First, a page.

It appears that one-day courses will provide you with around six points. Using the Department of Justice overview of continued professional development as a guide - with this in mind, it will cost my business around $8500 for training for myself and my two practitioners but with no clear indication of how much, if any, reimbursement from TBCITB, then the administrator has to deem the course to be legitimate.
My question, how do I fund these extra costs? Do I add a 1.5 per cent surcharge to every invoice for training? Do I up my hourly rate? Who pays? All this aside - another question - will Mr Webster and his department organise some workshops that Mr Webster will attend, being the signatory of the original letter that I and every other licensed practitioner received on 4 April 2016? At these workshops, will he explain clearly the reasons why we need CPD points and when and how to gain the said points?
This practitioner adds -
It is important that all licensed trades are given the opportunity to have the system explained, not just the plumbers, the gas fitters, electricians and builders.
Honourable Leader, I do ask the question regarding the CPD. I understand, we have had it in briefings and it was explained by Mr Webster - but it is important to have it on the record for these tradespeople that they understand exactly, if they read a trade magazine, whether that can count as a point or not. Also, with regard to the TBCITB, whether they can get some money back for training. I assume they receive money back from the training fund.
It is very difficult to budget for that if you do not know how much money you are going to receive back. While it is all very well to pay for the course, you still have to pay for your practitioners who are at that course, and you have to give them their wages. On the other hand, you are not earning any major payment. It is a loss-loss. You are losing a day's pay. You are still paying them and paying for the course, without actually knowing whether any or how much of that money you may be able to receive through the training fund.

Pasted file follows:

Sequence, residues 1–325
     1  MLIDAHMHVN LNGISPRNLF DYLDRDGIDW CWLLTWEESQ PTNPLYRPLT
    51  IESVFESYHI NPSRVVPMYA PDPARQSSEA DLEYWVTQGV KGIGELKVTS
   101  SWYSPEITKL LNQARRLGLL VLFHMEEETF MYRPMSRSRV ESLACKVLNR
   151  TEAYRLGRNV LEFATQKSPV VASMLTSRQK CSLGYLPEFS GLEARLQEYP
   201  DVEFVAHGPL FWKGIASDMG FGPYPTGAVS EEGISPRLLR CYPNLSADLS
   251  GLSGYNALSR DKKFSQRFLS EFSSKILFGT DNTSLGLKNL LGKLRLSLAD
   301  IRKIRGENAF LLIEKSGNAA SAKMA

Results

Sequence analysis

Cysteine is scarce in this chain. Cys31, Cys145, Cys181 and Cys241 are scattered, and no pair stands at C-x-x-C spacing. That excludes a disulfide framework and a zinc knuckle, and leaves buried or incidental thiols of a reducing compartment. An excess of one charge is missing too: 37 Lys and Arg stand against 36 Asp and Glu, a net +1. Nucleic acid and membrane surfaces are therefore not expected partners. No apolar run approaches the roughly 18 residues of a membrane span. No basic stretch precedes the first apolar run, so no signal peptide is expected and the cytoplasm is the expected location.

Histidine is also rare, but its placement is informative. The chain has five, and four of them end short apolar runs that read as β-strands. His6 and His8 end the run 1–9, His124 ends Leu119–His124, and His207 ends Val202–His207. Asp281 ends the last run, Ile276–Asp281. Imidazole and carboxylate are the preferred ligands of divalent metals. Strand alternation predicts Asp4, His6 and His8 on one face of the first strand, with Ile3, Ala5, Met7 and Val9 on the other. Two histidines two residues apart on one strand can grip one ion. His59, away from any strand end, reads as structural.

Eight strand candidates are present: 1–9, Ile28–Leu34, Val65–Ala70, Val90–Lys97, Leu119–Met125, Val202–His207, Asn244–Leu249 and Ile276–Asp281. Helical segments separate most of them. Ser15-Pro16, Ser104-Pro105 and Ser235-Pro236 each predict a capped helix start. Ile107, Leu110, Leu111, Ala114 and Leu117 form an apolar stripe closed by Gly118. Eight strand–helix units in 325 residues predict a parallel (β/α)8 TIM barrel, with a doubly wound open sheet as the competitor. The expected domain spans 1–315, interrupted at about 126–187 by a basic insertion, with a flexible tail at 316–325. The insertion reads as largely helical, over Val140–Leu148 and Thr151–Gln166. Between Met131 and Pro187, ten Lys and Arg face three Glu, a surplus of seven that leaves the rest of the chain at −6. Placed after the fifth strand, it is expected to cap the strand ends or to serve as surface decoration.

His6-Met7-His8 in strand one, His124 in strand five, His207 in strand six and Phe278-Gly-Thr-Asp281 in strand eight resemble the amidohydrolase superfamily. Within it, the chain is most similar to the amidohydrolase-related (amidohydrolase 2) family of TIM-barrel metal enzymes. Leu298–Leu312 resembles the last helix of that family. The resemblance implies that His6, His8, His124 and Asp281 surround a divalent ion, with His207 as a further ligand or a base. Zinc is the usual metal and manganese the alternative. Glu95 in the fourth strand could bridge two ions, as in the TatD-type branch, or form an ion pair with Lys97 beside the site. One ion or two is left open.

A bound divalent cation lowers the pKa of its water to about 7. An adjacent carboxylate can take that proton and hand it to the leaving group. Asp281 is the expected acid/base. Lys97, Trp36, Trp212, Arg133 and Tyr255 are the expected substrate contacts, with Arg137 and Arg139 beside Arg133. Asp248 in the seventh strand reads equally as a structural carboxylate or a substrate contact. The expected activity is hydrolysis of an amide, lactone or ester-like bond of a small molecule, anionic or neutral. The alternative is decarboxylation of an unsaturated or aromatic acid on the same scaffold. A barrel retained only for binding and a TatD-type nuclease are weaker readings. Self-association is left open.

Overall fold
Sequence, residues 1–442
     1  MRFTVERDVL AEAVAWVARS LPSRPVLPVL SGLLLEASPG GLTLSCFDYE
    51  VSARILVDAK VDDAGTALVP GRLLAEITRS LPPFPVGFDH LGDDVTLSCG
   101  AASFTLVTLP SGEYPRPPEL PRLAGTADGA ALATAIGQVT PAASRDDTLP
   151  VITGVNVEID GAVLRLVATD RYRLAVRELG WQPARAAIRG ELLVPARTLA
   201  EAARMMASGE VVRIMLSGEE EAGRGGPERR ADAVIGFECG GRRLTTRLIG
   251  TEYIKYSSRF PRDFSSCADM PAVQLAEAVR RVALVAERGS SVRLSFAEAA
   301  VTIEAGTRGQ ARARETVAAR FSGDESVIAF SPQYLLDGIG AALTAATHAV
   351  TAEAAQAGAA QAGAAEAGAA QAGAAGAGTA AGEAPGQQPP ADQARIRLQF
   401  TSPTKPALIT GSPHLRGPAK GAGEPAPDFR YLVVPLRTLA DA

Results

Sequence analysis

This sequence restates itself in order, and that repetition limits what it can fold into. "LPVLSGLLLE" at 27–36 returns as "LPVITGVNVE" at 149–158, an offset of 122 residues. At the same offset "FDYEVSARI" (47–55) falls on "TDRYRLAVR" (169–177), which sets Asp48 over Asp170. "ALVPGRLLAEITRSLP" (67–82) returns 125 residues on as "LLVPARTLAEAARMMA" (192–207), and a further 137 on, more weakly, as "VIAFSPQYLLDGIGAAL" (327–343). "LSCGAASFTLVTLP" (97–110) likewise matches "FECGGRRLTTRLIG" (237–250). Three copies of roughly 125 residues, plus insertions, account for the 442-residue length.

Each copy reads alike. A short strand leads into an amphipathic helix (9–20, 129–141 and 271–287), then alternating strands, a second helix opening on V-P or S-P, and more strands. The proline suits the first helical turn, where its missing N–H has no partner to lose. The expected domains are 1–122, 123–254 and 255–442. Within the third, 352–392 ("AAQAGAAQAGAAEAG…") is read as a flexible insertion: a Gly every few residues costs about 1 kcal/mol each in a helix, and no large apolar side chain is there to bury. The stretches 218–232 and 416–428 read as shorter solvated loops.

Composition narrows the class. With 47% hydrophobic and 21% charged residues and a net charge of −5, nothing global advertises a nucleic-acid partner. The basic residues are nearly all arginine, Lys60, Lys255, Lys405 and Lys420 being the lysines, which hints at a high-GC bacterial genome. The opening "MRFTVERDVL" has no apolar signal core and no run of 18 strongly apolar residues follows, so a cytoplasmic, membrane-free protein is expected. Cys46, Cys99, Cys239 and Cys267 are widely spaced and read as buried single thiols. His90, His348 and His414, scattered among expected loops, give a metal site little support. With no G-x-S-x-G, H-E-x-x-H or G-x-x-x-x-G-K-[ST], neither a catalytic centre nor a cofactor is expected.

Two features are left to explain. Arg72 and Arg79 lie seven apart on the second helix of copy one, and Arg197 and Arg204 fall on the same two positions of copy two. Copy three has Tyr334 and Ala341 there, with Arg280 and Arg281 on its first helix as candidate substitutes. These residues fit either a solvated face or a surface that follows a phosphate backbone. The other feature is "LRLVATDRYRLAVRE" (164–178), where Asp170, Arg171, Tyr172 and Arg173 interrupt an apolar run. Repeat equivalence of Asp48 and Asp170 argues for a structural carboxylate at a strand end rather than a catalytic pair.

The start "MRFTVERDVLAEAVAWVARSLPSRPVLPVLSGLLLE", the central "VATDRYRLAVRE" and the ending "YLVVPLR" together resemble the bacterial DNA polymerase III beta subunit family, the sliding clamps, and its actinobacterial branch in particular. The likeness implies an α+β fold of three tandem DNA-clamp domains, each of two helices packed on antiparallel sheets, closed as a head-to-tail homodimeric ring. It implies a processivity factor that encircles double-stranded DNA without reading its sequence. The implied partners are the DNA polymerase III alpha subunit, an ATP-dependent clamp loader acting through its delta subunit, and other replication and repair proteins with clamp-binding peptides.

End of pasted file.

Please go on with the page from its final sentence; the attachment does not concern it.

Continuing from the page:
I am sure that the majority of these practitioners keep up with all their continuing professional development. They are good practitioners. I accept that there probably would be some that may not, but I am sure the majority do.
It would be great if Mr Webster, or yourself, could advise clearly how they can get the points. Will there be workshops? How many workshops will there be? As the honourable member for Murchison said, could it be clearly articulated to these people when this is coming in, how it is coming in and what there will be to actually assist them? Can they register for a trade magazine and count it as one or two points or a point?
At the moment, there is a lot of fear out there. They are not sure how they get these 12 points per year, 36 points over the three-year period. You might clarify too, if they earn 20 points in the first year, it all goes towards a three-year period; and if they earn 20 in the first year, then they do not need to earn as many over the ensuing years.
Dr Goodwin - Correct.
Mrs Armitage - I will leave that with you Leader, and will be grateful if you could elaborate for those practitioners that have some concerns.